Five years and two kids ago, when we would go out to eat as a family of four, I’d lay out the ground rules for behavioral expectations for my four- and three-year-old. Then, as we were waiting for our meal, if they began to argue, get out of their seats, whine or need to go to the restroom for the umpteenth time, I would grow frustrated. We had just talked about all of this in the car. I expected better behavior. Dinner would not likely go as I imagined and as a mom, I’d leave stressed and feeling like a failure.
Truth is, I was not a failure; I was living life attempting to manage the unmanageable with all my expectations.
A couple of years ago, thanks to a phenomenal therapist, I began implementing a new practice. He suggested I start relinquishing my expectations of others and myself. I fully understand this concept may sound rude and offensive to some, but I urge you to continue reading and consider my point.
Many of us have been accustomed to believe that we want people to expect things from us, just as we were taught to expect things from others. Affirmations, certain behaviors, sympathy, agreement, congeniality, something to happen, reliability, popularity, happy-go-lucky, productivity, milestones – this is just a tip of the iceberg of expectations we have. When we have these expectations of others, we do not always see them for who they are, but rather we are seeing them for the person we expect them to be. Then, when that person does not do what you anticipated, you are left feeling frustrated.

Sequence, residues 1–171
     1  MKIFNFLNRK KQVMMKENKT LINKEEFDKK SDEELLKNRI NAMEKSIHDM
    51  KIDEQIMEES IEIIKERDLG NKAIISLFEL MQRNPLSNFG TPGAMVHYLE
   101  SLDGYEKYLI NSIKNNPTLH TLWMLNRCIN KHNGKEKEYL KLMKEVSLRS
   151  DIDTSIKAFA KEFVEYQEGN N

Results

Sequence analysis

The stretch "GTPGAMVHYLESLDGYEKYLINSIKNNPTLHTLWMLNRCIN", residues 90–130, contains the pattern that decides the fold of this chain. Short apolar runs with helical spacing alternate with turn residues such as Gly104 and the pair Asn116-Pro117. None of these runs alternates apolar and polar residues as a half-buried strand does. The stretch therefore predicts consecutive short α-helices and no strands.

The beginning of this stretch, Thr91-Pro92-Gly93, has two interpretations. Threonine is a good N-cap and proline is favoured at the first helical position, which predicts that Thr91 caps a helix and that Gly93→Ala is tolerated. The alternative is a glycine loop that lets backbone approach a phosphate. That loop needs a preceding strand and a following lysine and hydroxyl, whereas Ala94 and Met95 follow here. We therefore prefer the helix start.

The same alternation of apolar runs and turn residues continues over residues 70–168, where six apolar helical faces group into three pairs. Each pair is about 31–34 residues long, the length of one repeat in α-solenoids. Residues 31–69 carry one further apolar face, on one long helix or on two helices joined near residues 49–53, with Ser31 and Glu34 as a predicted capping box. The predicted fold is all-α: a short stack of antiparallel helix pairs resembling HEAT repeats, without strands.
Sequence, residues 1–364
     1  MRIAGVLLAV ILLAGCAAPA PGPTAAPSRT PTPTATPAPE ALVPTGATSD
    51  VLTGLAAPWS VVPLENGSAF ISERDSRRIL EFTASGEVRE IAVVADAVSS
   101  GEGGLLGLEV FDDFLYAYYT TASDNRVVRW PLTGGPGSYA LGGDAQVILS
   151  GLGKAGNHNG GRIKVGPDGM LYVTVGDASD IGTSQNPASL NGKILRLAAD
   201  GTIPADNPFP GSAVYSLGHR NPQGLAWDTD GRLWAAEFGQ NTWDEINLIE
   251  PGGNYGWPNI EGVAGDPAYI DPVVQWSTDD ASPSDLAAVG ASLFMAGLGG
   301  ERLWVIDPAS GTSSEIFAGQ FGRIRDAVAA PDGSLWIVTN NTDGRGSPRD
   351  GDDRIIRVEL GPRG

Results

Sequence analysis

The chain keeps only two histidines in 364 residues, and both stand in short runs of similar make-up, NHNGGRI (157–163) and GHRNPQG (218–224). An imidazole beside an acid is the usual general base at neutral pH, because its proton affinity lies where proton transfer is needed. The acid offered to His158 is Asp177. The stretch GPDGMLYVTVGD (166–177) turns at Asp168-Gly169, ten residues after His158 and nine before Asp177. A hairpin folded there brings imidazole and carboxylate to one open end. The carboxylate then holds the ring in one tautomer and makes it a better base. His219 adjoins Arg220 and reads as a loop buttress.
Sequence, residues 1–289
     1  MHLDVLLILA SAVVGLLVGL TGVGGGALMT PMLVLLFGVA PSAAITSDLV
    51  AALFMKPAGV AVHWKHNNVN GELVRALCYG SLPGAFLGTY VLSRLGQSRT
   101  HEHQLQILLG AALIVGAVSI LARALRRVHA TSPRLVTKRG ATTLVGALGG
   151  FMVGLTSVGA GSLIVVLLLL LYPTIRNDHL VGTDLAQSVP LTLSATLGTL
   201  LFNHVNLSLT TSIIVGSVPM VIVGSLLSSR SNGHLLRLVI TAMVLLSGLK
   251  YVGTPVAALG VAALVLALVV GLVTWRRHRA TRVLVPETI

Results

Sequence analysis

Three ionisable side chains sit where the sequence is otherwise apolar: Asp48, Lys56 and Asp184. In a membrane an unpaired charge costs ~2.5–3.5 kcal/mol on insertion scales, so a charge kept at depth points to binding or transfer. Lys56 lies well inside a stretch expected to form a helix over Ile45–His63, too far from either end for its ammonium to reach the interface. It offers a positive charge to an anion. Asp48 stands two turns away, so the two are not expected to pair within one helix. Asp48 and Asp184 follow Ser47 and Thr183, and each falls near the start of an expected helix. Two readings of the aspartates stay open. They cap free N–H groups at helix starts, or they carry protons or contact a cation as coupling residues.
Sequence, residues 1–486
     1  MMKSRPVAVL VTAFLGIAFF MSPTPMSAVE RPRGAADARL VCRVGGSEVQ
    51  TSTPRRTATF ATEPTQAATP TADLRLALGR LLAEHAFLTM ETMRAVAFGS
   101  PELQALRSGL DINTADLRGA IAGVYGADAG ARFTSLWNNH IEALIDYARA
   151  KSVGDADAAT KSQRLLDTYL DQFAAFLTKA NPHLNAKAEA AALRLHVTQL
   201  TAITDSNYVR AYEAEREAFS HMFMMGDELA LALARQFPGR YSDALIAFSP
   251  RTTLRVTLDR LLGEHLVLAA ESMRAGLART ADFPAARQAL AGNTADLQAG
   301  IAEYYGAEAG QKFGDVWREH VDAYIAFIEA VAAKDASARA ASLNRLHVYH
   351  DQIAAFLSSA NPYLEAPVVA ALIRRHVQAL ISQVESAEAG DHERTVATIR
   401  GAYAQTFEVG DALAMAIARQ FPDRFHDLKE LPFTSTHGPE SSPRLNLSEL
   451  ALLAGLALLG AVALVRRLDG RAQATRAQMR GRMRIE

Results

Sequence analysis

Letting go of your expectations does not mean you are lowering your standards; it means you are fostering gratitude.
When good things happen that I do not expect, my gratitude is overwhelming. I’m also finding I am more appreciative of the not-so-good moments. I am not as pressured by the weight of the expectation. There was no anticipation of a plan, therefore there was no plan to go badly. Moments that would previously stress me out are less negative now. I can appreciate all the moments while they last.
As one can imagine, when we venture out to eat as a party of six, it’s a circus. Picture this: you see us at Los Potros, the older two boys fixated on the soccer game on the large TV in the back. The three-year-old in her own world wanting to wander around our table and the two-year-old chugging the salsa from the bowl; we never leave the table without spilling a drink (or two). We sound like a hot mess express, which is precisely what we are (I do pick up our area before we are finished). I no longer leave frustrated or stressed or feeling like a failure as a mom for kids being kids. I leave with appreciation.
This is the same for my husband. I used to expect certain things around the house to be done by him. Then, when those things would not get done, I would again find myself frustrated. As an example, he dressed our two-year-old for bed tonight. His little clothes from today are sitting right where he changed him. When I held onto expectations, I would expect him to put the dirty clothes in the washer, mostly because that is what I would do. When I let go of my expectations I’ve learned he has a process and I respect him and his method.
Expectations are heavy. Living life without them takes the weight off. It’s a lighter load to carry as you’re juggling around everything else. Have you stopped to think about how cumbersome your expectations are? Have you considered a portion of your stress could be the expectations that you have of others or even yourself? Those unmet expectations could be the cause of your dissatisfaction. I know my past expectations of friends, family and even strangers weighed me down.